Even if it is possible to specify a Comparison<T>, it would be nice to have a parameter less constructor that uses the default comparer of T

public BinaryHeap()
{
    compare = (x, y) => Comparer<T>.Default.Compare(x, y);
    _elements = new List<T>();
}

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  • \$\begingroup\$ That new in your answer will not compile. ;) \$\endgroup\$ – 410_Gone Jan 19 '17 at 7:39
  • \$\begingroup\$ I didn't consider using AsReadOnly() that is actually a good suggestion, would another answer suggests implementing IEnumerable and ICollection should that perhaps be done instead? \$\endgroup\$ – BarelyTilted Jan 19 '17 at 8:27
  • \$\begingroup\$ Yes, implementing IEnumerable is probably more intuitive than returning an read-only collection. \$\endgroup\$ – JanDotNet Jan 19 '17 at 9:30
3
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I'm going to try to only pick up points which no-one has mentioned yet.

  • It must be able to work with any type, and not be constricted to using IComparable<T> objects only.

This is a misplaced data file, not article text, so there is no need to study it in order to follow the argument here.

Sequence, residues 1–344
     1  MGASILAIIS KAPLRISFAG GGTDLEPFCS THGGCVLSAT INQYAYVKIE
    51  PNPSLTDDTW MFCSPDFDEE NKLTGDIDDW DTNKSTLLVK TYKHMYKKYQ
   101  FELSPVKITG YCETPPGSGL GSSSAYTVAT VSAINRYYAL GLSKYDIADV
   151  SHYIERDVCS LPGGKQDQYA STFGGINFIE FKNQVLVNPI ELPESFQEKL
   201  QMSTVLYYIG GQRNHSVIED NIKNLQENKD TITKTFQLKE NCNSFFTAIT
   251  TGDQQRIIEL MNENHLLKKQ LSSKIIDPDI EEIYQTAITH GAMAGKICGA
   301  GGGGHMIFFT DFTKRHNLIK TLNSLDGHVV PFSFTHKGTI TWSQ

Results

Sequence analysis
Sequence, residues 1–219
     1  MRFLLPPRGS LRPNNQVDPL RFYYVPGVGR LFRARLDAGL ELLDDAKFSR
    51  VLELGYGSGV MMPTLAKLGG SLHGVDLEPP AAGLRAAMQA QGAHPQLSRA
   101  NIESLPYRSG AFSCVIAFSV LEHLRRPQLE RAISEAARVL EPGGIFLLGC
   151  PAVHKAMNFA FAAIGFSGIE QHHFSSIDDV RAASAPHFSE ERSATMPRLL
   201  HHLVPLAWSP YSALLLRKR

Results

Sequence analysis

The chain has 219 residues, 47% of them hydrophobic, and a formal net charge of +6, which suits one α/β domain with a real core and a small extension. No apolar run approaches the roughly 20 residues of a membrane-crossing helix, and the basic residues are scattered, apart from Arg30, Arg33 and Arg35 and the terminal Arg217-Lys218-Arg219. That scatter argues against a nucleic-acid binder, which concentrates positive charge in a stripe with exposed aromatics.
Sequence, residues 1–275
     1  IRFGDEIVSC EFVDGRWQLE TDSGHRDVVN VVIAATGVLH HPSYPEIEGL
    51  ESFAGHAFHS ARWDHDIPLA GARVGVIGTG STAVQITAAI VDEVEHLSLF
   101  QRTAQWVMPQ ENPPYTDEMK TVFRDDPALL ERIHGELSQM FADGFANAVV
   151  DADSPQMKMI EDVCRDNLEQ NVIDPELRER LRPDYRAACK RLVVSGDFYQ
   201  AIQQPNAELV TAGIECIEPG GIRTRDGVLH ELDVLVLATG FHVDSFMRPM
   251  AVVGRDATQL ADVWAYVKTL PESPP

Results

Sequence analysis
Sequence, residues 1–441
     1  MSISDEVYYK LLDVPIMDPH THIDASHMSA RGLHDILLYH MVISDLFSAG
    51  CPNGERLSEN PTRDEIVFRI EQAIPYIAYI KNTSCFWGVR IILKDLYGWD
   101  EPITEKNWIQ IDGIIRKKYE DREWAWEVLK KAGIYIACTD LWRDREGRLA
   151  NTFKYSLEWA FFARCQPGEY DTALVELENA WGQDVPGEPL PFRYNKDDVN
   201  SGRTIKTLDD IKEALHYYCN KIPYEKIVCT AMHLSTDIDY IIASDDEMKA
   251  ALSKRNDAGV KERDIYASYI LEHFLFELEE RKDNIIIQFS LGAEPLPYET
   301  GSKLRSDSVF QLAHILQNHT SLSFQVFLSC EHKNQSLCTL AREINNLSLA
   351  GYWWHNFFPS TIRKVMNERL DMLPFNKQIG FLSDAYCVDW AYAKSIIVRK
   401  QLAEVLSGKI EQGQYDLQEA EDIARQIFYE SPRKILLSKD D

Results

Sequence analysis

That's a reasonable requirement, but the code goes further:

public BinaryHeap(Comparison<T> compare)
{
    _compare = compare;

One possible improvement would be to observe that you require _compare to be non-null (otherwise ShouldSwap throws a NullReferenceException) and so the constructor should enforce that:

public BinaryHeap(Comparison<T> compare)
{
    if (compare == null) throw new ArgumentNullException(nameof(compare));
    _compare = compare;

IMO a better improvement is to say that where the type does implement IComparable<T> you shouldn't require the caller to implement a comparer. There's a useful item in the standard API for this: Comparer<T>.Default. There's a slight impedance mismatch, but it's possible to convert Comparison<T> to Comparer<T> or vice versa. For consistency with System.Collections.Generic I would favour

public BinaryHeap(IComparer<T> comparer)
{
    _Comparer = comparer ?? Comparer<T>.Default;